Connect with us


Best of Frightfest: ‘Starry Eyes’ Dirs. Dennis Widmyer & Kevin Kölsch

Best of Frightfest: As the twentieth anniversary of Arrow Video Frightfest approaches, we at team THN take a look back at some of the best and brightest films that have screened over the last two decades. Today we look at Starry Eyes.

This year, directors Dennis Widmyer and Kevin Kölsch released their updated version of Pet Sematary. The film was a pitch-perfect adaptation of Stephen King’s darkest novel, but before all that, they created one of Frightfest’s more recent instant classics, the wonderful Starry Eyes.

Just how far would you go to achieve your dreams? This is a question that has been asked countless times across the centuries with one of the earliest tales being that of Faust.  Starry Eyes tackles the age-old fable but adds a very modern twist. Sarah (a magnificent Alex Essoe) is a fast-food waitress with big dreams. Living within an apartment building full of other actors, Sarah feels like her peers pity her. She is riddled with an unhealthy mix of both incredible self-belief and crippling self-doubt. The conflicting sides of her psyche have several wince-inducing bouts as her frustrations lead her to literally pull her hair out.

Having yet to get a role, and wanting to prove that she is better than those around her, she dives headfirst into an audition with the enigmatic Astraeus Pictures for the horror movie The Silver Scream. Hounded by her determination to succeed, Sarah overlooks the rather odd set-ups of the job; she finds herself faced with the ultimate casting couch. Anyone with a dream will relate to Sarah’s desperate determination. The film deals with desperation, paranoia, and the most deadly of desires – ambition, and showcases the extreme lengths that the soul will go to to reach that ultimate goal of perfection.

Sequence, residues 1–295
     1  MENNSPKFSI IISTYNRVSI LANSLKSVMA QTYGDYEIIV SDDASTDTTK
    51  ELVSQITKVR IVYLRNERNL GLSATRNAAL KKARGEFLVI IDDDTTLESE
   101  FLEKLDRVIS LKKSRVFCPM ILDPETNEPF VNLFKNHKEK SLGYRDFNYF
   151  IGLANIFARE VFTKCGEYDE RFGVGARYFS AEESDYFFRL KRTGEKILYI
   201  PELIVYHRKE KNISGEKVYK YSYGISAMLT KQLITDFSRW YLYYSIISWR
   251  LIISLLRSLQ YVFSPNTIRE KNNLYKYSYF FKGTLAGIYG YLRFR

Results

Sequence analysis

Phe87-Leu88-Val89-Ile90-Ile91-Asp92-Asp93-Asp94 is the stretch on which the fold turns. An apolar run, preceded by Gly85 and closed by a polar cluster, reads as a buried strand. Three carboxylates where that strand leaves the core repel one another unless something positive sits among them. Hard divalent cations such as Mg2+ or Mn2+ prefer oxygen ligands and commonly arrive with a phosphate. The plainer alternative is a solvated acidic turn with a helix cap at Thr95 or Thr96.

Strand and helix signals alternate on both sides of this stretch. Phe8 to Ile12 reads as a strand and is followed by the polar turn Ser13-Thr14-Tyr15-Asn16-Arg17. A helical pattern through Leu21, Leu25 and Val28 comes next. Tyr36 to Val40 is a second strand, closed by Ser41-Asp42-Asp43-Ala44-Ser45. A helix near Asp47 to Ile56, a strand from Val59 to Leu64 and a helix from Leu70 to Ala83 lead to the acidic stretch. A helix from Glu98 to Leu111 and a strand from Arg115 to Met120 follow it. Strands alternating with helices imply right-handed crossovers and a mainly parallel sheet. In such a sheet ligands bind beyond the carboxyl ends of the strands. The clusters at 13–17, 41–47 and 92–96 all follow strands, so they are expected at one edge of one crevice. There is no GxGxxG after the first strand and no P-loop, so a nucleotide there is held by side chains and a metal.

Los Angeles has long been seen as the land where dreams come true – how many films and television shows have you watched wherein the protagonist has arrived and had fame and fortune thrust upon them? The reality of the city is that it is riddled with victims that believe the Hollywood hype. Directors Kolsch and Widmyer aren’t afraid to show the un-sugarcoated version of the Hollywood lifestyle. Gone are the expected glorifying shots of sunshine and Hollywood signs, replaced with a murky and misty visual populated with dilapidated housing and seedy side streets.

Starry Eyes was heavily influenced by films like Rosemary’s BabyPossession, and Repulsion, films from the golden age of horror. The influences shine through, the film perfectly encapsulating the tone and style of the vintage silver screen. The film’s first portion is very much a psychological drama without a drop of corn syrup in sight. The slow pace though is actually building-up to a glorious tumble down the gore-filled rabbit-hole. The spiral starts with a very bad bathroom and is followed with an even worse bad bathroom. As Sarah finds herself dying to ascend, the story takes a rather graphic body-horror turn

All of these events could get a little silly were it not for the tremendous turn of Alex Essoe. In a strange parallel, Essoe found her very own gateway part with the role. Since Starry Eyes she has worked consistently and even makes a return to Frightfest screens this year with The Drone. Her next big project though is The Shining sequel, Doctor Sleep. It’s easy to see why the work has been free-flowing, her performance in Starry Eyes is the perfect showreel, showcasing an incredible range missing from most current scream queens. Effortlessly able to switch from angry and angst ridden to pageant queen polite, you completely empathise with Sarah’s ordeal. Essoe makes you feel Sarah’s plight every step of the way. Even when her choices take her down a bleak pathway, the audience can’t help but root for her. This is a must-watch for fans of modern horror.

Arrow Video Frightfest returns for its twentieth year on 22nd August 2019. Full details about the event can be found on the Frightfest website

Kat Hughes is a UK born film critic and interviewer who has a passion for horror films. An editor for THN, Kat is also a Rotten Tomatoes Approved Critic. She has bylines with Ghouls Magazine, Arrow Video, Film Stories, Certified Forgotten and FILMHOUNDS and has had essays published in home entertainment releases by Vinegar Syndrome and Second Sight. When not writing about horror, Kat hosts micro podcast Movies with Mummy along with her five-year-old daughter.


Latest Posts


More in Features